Both malnutrition and dehydration deprive the body of essential nutrients. There are many risk factors that can cause malnutrition and dehydration in nursing home residents.
All nursing homes must provide residents with frequent, nutritious meals. This involves curating meal plans to meet one’s needs and monitoring their health condition. If your loved one suffered harm while in a care facility, you have legal options.
Malnutrition Comes with Many Risk Factors in Nursing Homes
In general, seniors are at a greater risk of suffering malnutrition than younger adults. Common malnutrition risk factors in the elderly include:
- Polypharmacy: Polypharmacy describes a patient who’s using multiple medications at once. Medications can alter a patient’s appetite. This potential decrease in appetite gets worse when a patient has multiple prescriptions. A research study found that over half of elderly patients taking 10 or more drugs were at risk of malnutrition.
- Inability to eat unassisted: Patients with cognitive impairments, like dementia, are at risk for malnutrition. If one cannot feed themselves, they could lose vital nutrients.
- Dental problems: It’s common for the elderly to suffer from dental problems, like losing teeth, poorly fitting dentures, or tooth infections. These conditions make eating more difficult. If seniors’ dental problems go untreated, they can suffer from malnutrition.
- Depression: Research shows that roughly one-quarter of nursing home residents experience symptoms of depression. Depressive symptoms include a loss of appetite, among others. A reduction in appetite can, in turn, lead to malnutrition.
- Dysphagia: Dysphagia is a condition that makes it difficult to swallow. Patients who’ve experienced strokes oftentimes suffer from dysphagia. In these situations, patients may benefit from intravenous fluids rather than solid meals.
What Are the Symptoms of Malnutrition?
A rapid loss in weight is the most obvious sign of malnutrition. However, it’s important to spot the less obvious signs of malnutrition, such as:
- Pale, thick skin
- Bleeding gums
- A swollen tongue
- Broken bones
- Thinning hair
- A reduction in appetite
What Are the Consequences of Malnutrition?
Malnutrition doesn’t just result in weight loss and low energy. Those suffering from malnutrition recover from diseases slower and experience higher rates of mortality.
Nursing homes must offer the best standard of care to their patients. When they don’t, and patients suffer malnutrition, they can face liability for any resulting damages.
Dehydration Risk Factors in Nursing Homes
Dehydration, like malnutrition, presents a considerable risk to nursing home patients. Dehydration risk factors include:
- Cognitive impairment: Seniors suffering from cognitive impairment are less likely to consistently drink water. Without supervision, they may not consume enough water. Nursing homes have a responsibility to ensure that all patients are properly hydrated and cared for.
- Fever: Fevers dehydrate the body. This can lead to delirium and other life-altering conditions.
- Excessive urination: The elderly typically urinate more often than their younger counterparts. Similarly, diuretics, which are prescribed for high blood pressure, cause patients to urinate more frequently. Excessive urination is a dehydration risk factor.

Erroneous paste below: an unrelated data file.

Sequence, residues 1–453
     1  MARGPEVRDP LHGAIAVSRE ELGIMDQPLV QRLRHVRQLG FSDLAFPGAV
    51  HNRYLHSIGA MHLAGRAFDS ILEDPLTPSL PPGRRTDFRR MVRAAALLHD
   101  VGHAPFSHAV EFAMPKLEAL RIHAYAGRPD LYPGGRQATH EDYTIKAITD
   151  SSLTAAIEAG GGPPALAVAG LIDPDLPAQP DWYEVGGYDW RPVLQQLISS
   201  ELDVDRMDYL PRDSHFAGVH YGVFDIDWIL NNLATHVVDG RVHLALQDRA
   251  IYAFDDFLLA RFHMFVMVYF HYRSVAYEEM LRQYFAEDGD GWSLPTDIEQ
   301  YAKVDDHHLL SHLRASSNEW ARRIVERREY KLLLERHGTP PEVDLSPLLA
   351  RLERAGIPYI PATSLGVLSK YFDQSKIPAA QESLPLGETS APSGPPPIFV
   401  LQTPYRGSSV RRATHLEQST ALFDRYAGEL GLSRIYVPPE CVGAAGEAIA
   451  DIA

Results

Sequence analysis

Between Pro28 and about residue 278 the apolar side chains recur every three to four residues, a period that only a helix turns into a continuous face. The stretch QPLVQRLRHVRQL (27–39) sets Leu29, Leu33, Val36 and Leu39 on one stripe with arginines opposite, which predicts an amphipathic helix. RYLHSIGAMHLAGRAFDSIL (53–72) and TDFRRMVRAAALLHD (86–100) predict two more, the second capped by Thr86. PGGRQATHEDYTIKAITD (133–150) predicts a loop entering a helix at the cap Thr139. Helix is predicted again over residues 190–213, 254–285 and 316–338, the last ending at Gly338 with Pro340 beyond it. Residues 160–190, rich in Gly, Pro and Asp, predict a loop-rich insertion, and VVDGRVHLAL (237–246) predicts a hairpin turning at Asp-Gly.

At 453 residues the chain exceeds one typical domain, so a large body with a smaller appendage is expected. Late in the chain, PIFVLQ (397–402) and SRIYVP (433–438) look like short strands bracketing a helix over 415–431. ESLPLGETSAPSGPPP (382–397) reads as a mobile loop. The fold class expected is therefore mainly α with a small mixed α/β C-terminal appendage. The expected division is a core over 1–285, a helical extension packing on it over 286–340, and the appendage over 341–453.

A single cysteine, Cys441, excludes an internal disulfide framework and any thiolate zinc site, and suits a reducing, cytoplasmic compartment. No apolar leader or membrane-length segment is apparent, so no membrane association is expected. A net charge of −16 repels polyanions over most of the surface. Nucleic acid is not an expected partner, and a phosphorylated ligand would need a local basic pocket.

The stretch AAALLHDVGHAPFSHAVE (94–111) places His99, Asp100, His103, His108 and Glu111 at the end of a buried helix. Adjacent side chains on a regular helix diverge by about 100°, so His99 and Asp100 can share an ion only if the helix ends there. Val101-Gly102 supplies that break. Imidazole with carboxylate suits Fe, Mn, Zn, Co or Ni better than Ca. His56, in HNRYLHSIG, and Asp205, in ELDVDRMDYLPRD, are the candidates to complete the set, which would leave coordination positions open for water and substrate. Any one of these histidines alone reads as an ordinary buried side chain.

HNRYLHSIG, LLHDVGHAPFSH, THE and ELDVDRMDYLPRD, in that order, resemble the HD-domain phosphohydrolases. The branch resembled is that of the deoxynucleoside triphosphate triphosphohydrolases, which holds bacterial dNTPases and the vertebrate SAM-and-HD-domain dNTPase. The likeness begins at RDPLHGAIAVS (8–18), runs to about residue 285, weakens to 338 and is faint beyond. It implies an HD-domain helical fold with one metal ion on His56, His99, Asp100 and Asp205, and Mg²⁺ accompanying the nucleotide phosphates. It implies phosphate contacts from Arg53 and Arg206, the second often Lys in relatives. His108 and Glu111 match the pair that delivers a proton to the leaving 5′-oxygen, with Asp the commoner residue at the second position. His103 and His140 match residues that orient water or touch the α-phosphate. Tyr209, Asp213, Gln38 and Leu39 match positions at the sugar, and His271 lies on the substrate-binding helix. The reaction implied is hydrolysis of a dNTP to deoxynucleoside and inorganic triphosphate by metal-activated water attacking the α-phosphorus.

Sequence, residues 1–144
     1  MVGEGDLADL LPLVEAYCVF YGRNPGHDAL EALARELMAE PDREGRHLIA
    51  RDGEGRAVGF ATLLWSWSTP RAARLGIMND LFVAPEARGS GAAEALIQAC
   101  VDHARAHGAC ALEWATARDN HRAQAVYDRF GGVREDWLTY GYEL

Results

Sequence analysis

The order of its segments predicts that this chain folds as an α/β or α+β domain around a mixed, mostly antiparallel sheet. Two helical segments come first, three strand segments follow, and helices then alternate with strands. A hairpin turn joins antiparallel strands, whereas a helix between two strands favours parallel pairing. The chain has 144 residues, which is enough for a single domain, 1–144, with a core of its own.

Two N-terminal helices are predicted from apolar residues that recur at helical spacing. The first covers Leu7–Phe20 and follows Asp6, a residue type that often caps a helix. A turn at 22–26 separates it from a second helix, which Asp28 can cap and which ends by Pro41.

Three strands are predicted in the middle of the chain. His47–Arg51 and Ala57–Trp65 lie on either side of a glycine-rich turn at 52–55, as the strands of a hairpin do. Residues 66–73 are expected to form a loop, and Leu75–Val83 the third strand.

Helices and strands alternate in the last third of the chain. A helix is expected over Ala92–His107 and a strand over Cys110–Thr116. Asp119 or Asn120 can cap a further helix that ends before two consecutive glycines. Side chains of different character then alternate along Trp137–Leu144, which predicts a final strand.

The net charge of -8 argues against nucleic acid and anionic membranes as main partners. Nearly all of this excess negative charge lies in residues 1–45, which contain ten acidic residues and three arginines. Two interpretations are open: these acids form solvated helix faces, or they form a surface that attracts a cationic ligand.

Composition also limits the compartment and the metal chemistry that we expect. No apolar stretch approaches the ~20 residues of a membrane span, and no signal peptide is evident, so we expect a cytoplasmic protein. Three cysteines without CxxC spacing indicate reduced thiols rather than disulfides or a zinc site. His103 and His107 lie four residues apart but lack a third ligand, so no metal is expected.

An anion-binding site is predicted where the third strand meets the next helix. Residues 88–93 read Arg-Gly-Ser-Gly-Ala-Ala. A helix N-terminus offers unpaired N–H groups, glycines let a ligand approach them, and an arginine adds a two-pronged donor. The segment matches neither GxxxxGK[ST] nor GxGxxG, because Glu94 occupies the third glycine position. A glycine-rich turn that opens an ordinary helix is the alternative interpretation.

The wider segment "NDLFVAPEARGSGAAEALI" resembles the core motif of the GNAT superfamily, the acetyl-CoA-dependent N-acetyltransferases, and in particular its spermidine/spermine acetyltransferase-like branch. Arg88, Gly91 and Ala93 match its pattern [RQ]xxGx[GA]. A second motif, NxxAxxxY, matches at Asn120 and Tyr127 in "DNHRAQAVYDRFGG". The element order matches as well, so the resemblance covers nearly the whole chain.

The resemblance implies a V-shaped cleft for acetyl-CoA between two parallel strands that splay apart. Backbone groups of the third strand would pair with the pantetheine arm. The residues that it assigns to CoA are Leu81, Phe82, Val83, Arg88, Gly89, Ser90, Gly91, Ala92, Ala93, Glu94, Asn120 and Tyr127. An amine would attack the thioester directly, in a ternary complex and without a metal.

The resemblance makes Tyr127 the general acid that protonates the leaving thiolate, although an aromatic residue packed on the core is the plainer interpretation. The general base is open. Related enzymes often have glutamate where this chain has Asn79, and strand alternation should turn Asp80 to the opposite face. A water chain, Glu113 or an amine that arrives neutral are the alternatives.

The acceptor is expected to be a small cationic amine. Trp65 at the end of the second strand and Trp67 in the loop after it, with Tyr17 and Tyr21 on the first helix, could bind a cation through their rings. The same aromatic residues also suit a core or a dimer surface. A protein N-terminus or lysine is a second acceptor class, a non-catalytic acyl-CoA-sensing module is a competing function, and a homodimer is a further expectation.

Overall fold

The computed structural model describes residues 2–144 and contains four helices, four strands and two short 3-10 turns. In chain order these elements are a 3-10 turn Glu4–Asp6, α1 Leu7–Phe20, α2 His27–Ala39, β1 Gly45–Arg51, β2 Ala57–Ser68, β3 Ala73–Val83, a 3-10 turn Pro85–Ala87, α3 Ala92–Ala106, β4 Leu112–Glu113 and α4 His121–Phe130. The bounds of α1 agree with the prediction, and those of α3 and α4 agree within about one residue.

- Lack of mobility: Wheelchair-bound patients can’t access water without assistance. They may require the help of a nurse or caregiver to keep them adequately hydrated.
Symptoms of Dehydration
The symptoms of dehydration include:
- Infrequent urination
- Dark-colored urine
When Should I Notify a Nursing Home Employee About Dehydration?
Minor cases of dehydration can typically be treated with water and rest. However, in more extreme cases, medical intervention may be necessary. Contact a medical professional if you notice these symptoms in your loved one:
- Black or bloody stool
- Diarrhea for over 24 hours
- Irritability or noticeable disorientation
- Extreme fatigue
Serious cases of dehydration can cause seizures, heat stroke, or even death. This makes prompt action crucial.
What Should I Do if My Loved One Suffers from Malnutrition or Dehydration?
If you suspect that your loved one is suffering from neglect in their nursing home, we recommend that you:
- Consider removing them from the care facility. If your loved one is in immediate danger, you should consider removing them from the care facility. This may involve transferring them to a new facility that can prioritize their needs.
- Notify the nursing home’s administration. The nursing home’s administrators may not know about your loved one’s condition. After notifying the administration, it may change your loved one’s healthcare team and improve their treatment plan.
- Document everything. You may decide to file a claim or lawsuit against the care facility. The more information you have, the stronger your case is. Documentation may include photos of your loved one’s living conditions and correspondence between yourself and the nursing home’s staff and management.
You Have Legal Options if Your Loved One Suffered Dehydration or Malnutrition
Malnutrition and dehydration come with countless risk factors. Yet, nursing homes should know about these factors when caring for patients. If your loved one suffered harm in a care facility, you have legal options.
You can partner with Brown & Barron on your injury case. Our nursing home abuse and neglect lawyers can evaluate your situation and implement a course of action. To begin your free, no-obligation case review with our team, call us now.